In the flow of Paul’s letter, these early references to the jealousy and quarreling among Corinthian Christians come right before, and right after Paul writes about the cross. What comes in between Paul’s mention of how their humanity is threatening their community, what falls in the middle here, is what we pondered together last week, “Jesus Christ and him crucified.” First Corinthians, the second half of chapter 1 and all of chapter 2. Paul writing about the very heart of the matter. Paul on the cross of Christ. First Corinthians, the beginning of chapter one and here in chapter three. Paul on the almost impossible challenge of Christian community. Christ and him crucified, surrounded by the Corinthian Christians’ penchant for acting like children.

“But we have the mind of Christ,” Paul writes as he turns from the cross and again brings up their behavior. We have the mind of Christ. It’s like a plea from Paul. “Come on, people, we have the mind of Christ. Apollos this, Paul that. Yes, they are “the servants through whom you came to believe,” but the mind of Christ is first. Paul teaches. Apollos preaches. But the mind of Christ comes first. One might water. Another might plant. But only God gives the growth. Only God gifts the church with the mind of Christ. “Put on Christ,” Paul writes to the Romans (Romans 13:14). “As many of you as were baptized into Christ have clothed yourselves with Christ” (Galatians 3:27). Clothe yourselves with Christ, Paul tells the Galatians. When it comes to the Corinthians, he writes, “We have the mind of Christ.” All the wisdom to share. All the theology to sop up. All the learning about what it means to be a disciple. It all starts for Paul with a yearning to have the mind of Christ, the longing to be more Christ-like, for Christ and him crucified to be smack in the middle of our human inclinations.

Biblical scholar Mark Achetmeier provocatively points out that Paul’s argument here in chapter three suggests that all the technical knowledge required for becoming a better or more mature Christian is secondary. All the biblical knowledge and theological vocabulary and spiritual disciplines, all of it, is secondary to the primary qualification for living the gospel. What comes first is the call to be a “spirit-formed person” seeking to live a life that looks like Jesus; or to have the mind of Christ. To quote Achetmeier, “Instead of reading the Bible in order to learn to be disciples, we must first become Christ-like persons in order to be able to read and understand the Bible rightly.” For Paul, having the mind of Christ was inconsistent with the human inclination to jealousy and quarreling. Thus, healing division and loving one another was more important than which teacher was better, which preacher drew more of a crowd, which servant met their expectations.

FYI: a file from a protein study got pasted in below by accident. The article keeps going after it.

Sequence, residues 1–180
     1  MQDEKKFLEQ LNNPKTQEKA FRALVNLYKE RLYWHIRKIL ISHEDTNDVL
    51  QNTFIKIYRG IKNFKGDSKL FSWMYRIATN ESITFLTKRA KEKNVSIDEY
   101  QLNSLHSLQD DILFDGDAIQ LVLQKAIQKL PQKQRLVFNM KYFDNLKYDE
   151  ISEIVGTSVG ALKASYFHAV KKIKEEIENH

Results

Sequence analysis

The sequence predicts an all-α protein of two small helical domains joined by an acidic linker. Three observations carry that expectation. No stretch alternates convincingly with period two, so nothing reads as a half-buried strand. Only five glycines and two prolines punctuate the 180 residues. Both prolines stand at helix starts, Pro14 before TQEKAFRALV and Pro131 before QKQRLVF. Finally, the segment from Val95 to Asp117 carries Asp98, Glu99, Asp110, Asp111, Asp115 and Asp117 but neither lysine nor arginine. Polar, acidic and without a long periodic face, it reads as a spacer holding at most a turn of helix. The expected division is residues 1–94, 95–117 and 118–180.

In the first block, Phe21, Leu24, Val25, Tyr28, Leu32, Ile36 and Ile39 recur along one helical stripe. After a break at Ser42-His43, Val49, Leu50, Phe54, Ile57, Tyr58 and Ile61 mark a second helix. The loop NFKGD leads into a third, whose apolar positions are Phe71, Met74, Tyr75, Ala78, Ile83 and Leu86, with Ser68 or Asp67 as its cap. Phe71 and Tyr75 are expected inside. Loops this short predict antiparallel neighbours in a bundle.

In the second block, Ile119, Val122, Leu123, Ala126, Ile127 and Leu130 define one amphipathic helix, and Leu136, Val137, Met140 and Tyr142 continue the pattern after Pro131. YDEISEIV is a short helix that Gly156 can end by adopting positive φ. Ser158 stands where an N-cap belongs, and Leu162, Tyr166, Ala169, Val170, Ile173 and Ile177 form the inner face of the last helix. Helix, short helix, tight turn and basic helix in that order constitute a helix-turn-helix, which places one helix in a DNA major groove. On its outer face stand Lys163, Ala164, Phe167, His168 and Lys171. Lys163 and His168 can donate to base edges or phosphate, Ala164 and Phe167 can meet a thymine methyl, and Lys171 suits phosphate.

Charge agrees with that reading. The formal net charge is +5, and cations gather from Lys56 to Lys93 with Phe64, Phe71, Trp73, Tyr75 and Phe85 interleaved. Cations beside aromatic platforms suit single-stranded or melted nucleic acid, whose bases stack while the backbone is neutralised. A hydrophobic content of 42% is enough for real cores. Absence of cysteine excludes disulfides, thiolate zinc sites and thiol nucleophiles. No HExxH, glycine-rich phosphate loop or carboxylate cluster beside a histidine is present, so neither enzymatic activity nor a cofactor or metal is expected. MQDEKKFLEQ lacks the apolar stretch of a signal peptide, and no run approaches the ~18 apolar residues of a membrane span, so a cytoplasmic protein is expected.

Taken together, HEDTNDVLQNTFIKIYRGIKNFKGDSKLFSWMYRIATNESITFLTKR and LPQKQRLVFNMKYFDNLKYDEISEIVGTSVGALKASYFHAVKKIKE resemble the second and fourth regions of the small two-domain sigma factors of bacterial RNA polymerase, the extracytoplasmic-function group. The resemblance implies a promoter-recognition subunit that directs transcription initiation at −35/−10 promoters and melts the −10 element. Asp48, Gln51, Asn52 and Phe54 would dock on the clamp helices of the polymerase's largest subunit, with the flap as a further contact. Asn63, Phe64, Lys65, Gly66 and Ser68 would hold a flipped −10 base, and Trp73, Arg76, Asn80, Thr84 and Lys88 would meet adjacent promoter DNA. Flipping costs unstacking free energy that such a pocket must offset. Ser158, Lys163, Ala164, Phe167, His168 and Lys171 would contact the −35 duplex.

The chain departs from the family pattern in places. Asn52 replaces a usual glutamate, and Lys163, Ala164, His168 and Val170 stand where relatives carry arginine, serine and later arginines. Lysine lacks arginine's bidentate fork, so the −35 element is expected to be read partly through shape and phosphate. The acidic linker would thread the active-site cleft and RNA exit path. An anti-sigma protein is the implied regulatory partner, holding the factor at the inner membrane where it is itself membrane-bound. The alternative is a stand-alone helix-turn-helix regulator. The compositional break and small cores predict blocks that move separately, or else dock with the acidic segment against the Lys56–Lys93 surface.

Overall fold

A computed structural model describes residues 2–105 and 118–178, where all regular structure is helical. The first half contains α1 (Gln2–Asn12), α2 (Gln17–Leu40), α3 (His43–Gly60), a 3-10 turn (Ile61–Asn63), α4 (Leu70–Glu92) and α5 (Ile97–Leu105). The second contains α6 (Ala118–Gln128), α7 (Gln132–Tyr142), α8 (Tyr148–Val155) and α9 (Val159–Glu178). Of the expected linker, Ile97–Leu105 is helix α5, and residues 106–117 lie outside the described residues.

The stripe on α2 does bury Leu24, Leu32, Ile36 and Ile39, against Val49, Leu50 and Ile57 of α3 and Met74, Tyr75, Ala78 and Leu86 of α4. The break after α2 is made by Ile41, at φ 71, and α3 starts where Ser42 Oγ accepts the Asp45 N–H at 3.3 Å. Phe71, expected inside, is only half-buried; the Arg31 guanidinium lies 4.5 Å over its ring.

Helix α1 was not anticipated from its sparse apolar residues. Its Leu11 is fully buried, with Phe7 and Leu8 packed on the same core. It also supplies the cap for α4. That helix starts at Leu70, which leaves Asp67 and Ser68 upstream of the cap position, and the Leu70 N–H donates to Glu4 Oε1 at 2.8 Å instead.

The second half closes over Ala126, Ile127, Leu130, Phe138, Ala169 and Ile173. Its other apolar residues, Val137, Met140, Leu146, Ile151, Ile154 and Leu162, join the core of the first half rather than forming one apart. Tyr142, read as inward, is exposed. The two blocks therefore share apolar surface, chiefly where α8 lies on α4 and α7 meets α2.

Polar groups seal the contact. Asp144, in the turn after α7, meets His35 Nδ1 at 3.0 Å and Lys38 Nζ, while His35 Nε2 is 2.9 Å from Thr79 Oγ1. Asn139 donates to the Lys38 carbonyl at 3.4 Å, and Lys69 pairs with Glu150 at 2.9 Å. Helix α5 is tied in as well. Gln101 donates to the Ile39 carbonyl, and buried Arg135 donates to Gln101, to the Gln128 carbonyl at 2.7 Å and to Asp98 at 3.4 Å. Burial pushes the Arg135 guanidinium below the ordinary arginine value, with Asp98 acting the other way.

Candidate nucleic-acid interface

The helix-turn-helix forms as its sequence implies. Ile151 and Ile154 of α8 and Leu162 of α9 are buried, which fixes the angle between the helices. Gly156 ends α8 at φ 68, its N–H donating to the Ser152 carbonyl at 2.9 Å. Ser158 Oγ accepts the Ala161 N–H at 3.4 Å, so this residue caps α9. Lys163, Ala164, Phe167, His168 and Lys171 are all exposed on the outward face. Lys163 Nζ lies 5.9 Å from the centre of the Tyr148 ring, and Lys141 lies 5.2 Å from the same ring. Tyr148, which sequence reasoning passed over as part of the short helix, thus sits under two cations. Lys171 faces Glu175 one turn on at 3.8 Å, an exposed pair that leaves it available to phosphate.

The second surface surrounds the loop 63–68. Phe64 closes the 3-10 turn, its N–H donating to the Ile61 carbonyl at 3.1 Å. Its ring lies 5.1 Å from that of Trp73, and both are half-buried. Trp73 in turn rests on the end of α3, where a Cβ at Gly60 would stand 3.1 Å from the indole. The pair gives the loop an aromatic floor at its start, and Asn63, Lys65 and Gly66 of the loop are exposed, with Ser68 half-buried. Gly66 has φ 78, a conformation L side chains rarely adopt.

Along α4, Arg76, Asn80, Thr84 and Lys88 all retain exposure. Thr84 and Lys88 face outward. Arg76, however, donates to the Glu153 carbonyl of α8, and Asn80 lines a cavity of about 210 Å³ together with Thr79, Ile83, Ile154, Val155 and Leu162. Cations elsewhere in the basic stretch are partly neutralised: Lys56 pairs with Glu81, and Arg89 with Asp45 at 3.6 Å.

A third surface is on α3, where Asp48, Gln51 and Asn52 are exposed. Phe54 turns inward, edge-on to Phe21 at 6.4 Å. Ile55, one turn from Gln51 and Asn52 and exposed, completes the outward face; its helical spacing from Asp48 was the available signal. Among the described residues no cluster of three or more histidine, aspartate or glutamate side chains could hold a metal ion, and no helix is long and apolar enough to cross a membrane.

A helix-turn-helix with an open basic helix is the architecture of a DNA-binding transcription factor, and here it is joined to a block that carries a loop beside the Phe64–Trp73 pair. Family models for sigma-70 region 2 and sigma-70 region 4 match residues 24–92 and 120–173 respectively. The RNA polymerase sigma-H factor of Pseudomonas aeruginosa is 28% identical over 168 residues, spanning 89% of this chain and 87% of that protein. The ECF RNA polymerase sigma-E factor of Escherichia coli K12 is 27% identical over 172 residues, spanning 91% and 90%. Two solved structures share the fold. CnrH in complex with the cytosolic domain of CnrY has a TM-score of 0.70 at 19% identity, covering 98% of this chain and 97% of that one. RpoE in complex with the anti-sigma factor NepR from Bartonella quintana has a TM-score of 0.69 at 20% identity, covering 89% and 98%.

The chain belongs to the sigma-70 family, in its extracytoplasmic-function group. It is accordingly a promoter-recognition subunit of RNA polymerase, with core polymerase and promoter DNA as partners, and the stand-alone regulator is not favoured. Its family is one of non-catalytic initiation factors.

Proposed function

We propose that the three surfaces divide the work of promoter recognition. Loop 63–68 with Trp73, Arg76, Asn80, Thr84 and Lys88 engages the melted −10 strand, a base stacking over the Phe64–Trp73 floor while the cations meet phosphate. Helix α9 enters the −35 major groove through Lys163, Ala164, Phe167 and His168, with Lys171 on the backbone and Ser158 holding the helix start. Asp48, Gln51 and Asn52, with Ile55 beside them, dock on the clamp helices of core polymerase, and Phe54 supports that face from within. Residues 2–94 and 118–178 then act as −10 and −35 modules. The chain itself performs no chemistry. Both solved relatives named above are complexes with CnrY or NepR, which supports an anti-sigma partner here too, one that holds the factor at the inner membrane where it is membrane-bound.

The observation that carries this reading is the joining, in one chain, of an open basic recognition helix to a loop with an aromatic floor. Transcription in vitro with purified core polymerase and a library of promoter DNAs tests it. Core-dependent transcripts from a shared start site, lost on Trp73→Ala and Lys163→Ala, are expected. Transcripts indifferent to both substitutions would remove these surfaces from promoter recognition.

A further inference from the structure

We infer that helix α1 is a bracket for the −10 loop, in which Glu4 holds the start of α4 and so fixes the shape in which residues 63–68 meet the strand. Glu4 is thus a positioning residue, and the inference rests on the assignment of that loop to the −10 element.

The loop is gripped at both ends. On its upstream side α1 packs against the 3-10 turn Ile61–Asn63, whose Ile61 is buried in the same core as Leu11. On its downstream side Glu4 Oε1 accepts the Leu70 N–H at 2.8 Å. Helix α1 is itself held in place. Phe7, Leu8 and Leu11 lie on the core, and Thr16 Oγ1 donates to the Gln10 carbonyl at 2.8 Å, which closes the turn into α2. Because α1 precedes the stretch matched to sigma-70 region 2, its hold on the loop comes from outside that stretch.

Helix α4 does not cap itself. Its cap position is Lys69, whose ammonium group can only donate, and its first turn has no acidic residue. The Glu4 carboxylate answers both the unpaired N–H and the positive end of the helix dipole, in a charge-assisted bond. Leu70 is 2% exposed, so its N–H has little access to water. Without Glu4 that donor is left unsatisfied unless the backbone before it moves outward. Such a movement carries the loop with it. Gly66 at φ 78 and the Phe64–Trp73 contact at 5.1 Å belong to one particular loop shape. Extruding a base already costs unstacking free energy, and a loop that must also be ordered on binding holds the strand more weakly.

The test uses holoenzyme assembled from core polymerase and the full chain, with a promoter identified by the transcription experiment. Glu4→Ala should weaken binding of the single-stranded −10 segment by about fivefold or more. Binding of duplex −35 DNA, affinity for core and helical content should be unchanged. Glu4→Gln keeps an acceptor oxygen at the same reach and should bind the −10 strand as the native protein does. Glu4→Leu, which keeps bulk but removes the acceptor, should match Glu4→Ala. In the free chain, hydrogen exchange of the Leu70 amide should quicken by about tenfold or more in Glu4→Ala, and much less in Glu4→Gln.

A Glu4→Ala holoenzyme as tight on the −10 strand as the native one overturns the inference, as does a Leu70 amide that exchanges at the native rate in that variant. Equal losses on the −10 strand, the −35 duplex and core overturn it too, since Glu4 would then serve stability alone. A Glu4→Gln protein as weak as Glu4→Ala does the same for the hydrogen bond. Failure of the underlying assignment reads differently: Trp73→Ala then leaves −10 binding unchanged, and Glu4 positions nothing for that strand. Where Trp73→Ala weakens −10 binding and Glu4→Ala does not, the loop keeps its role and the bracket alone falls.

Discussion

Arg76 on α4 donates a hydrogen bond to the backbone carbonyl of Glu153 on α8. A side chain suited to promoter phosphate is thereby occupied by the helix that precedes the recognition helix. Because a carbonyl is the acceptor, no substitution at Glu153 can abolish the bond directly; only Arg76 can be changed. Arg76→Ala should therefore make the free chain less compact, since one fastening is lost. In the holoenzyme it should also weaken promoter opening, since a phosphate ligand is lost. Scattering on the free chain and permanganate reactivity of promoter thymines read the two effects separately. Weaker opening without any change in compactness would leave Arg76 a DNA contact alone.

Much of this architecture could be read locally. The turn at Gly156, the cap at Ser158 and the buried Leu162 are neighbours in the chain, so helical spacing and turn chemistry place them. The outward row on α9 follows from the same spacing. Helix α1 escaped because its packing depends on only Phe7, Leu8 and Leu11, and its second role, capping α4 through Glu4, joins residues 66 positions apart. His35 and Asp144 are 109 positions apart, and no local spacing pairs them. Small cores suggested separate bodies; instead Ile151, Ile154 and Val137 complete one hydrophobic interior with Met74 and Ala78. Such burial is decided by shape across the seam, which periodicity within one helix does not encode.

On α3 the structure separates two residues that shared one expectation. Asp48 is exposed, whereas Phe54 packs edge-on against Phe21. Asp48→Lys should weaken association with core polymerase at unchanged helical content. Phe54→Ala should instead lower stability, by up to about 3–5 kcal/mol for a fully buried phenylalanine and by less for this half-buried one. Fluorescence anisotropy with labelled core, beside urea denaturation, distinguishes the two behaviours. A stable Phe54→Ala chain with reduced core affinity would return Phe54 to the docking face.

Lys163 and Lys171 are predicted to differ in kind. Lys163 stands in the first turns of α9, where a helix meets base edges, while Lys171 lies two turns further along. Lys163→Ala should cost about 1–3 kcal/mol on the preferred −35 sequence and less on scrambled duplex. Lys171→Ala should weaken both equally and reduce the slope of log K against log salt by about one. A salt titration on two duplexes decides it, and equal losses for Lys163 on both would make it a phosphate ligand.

David Buttrick, a professor of preaching, once wrote that the best measure of a local preacher’s sermons was the redemptive life of the community of faith that was being shaped by that weekly preaching. The best sermons bear fruit in the lives of the listener and the community gathered around the Word. The language is simpler for Paul. Paul on Christian community. Paul on the measure of servants’ preaching and teaching. Paul on the quality of life in a church that thirsts after the mind of Christ? “Love is patient; love is kind, love is not envious or boastful or arrogant or rude.” I Corinthians 13 — #itsnotaboutmarriage. It’s about… the almost impossible part of Christian community.